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The Film Mystery

21. Merle Shirley Overacts
Appalled, I wondered who it was who had, to cover up one crime, committed another?
Who had struck down an innocent man to save a guilty neck?
Kennedy hurried to the side of the physician and I followed.
"What symptoms did you observe?" asked Kennedy, quickly, seeking confirmation of his
own first impressions.
"His mouth seemed dry and I should say he suffered from a quick prostration. There
seemed to be a complete loss of power to swallow or speak. The pupils were dilated as
though from paralysis of the eyes. Both pharynx and larynx were affected. There was
respiration paralysis. It seemed also as though the cranial nerves were partially paralyzed.
It was typically a condition due to some toxic substance which paralyzed and depressed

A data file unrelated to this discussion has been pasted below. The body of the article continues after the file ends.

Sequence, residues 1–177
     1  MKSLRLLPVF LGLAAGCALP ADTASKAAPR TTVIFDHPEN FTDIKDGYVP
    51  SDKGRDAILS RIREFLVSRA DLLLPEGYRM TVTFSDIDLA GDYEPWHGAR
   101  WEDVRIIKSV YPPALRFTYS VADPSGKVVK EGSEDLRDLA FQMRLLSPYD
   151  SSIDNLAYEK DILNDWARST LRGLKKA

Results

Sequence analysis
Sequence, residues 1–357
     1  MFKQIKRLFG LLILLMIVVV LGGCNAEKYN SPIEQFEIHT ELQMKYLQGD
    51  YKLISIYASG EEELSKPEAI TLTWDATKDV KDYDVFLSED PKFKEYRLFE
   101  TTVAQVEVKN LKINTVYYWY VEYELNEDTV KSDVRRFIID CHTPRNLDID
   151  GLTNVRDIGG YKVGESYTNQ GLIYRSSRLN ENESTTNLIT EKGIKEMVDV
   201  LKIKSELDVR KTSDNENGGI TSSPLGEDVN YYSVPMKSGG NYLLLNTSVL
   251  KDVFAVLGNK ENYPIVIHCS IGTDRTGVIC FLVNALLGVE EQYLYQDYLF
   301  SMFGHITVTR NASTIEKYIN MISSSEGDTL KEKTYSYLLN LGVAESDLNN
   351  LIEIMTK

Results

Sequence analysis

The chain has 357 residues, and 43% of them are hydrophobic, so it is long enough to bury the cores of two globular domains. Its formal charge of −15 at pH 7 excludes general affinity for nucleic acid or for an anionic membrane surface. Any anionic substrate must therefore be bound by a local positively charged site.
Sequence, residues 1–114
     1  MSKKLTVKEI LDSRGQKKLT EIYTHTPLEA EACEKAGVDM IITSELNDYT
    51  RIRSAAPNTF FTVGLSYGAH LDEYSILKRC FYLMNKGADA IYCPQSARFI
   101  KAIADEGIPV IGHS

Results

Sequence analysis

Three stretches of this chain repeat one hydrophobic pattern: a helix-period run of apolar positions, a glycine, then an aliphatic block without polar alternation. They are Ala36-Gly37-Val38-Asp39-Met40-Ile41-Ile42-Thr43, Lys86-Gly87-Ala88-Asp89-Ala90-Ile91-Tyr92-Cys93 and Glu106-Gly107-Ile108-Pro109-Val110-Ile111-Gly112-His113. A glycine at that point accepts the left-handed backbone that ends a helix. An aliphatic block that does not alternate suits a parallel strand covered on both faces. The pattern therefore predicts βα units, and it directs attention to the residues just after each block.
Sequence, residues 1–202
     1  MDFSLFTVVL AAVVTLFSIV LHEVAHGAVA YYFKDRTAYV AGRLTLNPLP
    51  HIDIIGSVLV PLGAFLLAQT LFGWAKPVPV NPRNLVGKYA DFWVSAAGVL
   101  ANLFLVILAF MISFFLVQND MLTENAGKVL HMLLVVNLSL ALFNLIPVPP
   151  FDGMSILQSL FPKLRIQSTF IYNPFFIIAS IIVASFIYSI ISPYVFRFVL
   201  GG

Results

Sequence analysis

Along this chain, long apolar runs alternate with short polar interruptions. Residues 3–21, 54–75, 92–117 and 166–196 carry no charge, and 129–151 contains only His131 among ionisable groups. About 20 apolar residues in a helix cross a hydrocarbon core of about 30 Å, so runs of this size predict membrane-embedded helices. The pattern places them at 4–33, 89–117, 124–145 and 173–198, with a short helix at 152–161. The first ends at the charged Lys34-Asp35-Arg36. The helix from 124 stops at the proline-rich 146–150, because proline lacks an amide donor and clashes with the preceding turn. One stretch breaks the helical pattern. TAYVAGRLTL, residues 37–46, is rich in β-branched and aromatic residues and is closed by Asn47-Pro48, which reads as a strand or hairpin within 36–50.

certain areas of the body."
Kennedy nodded. "That fits in with a theory I have."
I thought quickly, then inquired; "Could it be the snake venom again?"
"No," Kennedy replied, shaking his head; "there's a difference in the symptoms and there
is no mark on any exposed part of the body, as near as I could see in a superficial
examination."
He turned to the physician. "Could you give me blood smears and some of the stomach
contents, at once? Twice, now, some one has been stricken down before the very eyes of
the actors. This thing has gone too far to trifle with or delay a moment."
The doctor hurried off toward the dressing room, anxious to help Kennedy, and as
excited, I thought, as any of us. Next Kennedy faced me.
"Did you watch the people at all, Walter?"
"I--I was too upset by the suddenness of it," I stammered.
All seemed to have suspicion of some one else, and there was a general constraint, as
though even the innocent feared to do or say something that might look or sound
incriminating.
I turned. All were now watching every move we made, though just yet none ventured to
follow us. It was as though they felt that to do so was like crossing a dead line. I
 
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